Washington (CNN) -- President Barack Obama will propose ideas for how the special congressional committee created by the recent debt ceiling deal can reach a deficit reduction plan that exceeds the required $1.5 trillion total, a White House spokesman said Wednesday.
"It's fair to say that the White House and the president will lay out some specific ideas about how ... the super committee can go beyond their $1.5 trillion mandate," said Josh Earnest, the deputy White House press secretary.
Meanwhile, the co-chairs of the committee said Wednesday they are working to set rules for how the panel will operate and to determine a meeting schedule.
It was the first joint statement from Sen. Patty Murray, D-Washington, and Rep. Jeb Hensarling, R-Texas, since their appointment earlier this month as co-chairs of the Joint Select Committee on Deficit Reduction.
The 12-member panel, evenly divided between House and Senate Democrats and Republicans, has until November 23 to work out $1.5 trillion in deficit reduction after an initial round of more than $900 billion in spending cuts in the debt ceiling agreement.
Congress will then have until December 23 to vote on the proposal, with no amendments permitted.
A simple majority on the panel -- seven of 12 members -- is needed to approve whatever package it comes up with, meaning that it will take a lone member of either party to push something through by voting with the other side. The committee's proposal would then need a simple majority in each chamber of Congress to make it to President Barack Obama's desk.
If the committee fails to reach agreement or Congress fails to pass whatever package is recommended, a trigger mechanism would enact further across-the-board cuts in government spending, including for the military.
"In our capacity as co-chairmen, we are engaging in serious discussions to determine what set of rules will govern the committee's operation, examining a schedule of potential meetings and exploring how to build a committee staff that will help us achieve success," said the Murray-Hensarling statement.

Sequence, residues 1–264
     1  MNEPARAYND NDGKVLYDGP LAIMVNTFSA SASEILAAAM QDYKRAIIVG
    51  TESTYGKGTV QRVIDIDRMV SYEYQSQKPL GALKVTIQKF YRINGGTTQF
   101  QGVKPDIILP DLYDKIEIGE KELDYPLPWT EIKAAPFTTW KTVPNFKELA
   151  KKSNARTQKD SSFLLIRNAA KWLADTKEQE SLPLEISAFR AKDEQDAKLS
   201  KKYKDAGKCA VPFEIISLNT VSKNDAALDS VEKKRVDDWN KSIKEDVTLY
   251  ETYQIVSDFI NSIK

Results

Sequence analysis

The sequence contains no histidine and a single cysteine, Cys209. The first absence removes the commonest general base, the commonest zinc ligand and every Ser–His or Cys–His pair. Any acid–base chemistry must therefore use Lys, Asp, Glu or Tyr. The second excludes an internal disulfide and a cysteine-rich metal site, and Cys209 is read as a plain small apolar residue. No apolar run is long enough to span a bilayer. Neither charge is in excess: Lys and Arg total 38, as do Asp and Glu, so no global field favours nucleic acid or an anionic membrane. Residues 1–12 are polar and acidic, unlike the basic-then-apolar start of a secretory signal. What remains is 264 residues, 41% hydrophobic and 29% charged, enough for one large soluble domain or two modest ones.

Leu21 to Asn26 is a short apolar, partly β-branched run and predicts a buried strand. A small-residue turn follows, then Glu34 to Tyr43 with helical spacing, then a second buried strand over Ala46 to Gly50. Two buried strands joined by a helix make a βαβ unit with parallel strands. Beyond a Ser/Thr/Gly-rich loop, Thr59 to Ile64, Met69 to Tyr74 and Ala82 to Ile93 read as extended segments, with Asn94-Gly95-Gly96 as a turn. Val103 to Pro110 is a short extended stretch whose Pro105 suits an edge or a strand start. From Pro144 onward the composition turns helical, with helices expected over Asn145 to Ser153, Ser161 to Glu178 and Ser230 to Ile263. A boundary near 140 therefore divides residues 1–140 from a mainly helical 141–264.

It added that "most of the committee members" are reviewing deficit reduction work of the past few years, when a deficit reduction commission appointed by Obama and a group of six U.S. senators came up with similar plans calling for spending cuts, tax reform and changes to entitlement programs such as Social Security and Medicare.
Earnest told reporters that Congress faces tough choices in coming up with a deficit reduction plan, regardless of the size of the package.
"So if there is an opportunity for us to do something even bigger than $1.5 trillion, I think you can make a pretty good argument that doing something bigger is actually something that many members of Congress would find easier to support and vote for than something smaller," Earnest said.
Months of rancorous negotiations on deficit reduction have failed to resolve a fundamental dispute between Republicans and Democrats involving the size of government and whether to raise revenue while cutting spending.
Obama is pushing for a comprehensive plan that includes spending cuts, increased tax revenue and entitlement reforms, while Republicans seek to shrink government by proposing spending cuts and entitlement reforms without increased revenue.
An impasse over the tax revenue issue led to the debt ceiling agreement, which imposed the initial round of spending cuts and set up the special committee to work out further deficit reduction. The agreement also enables the federal debt ceiling to be increased through 2012, allowing the government to borrow what it needs to meet its obligations.
The brinkmanship of the negotiations, with uncertainty over whether the government might default if no deal is reached, was one reason that ratings agency Standard & Poor's downgraded the U.S. credit rating from AAA to AA-plus earlier this month.
CNN's Ted Barrett and Tom Cohen contributed to this report.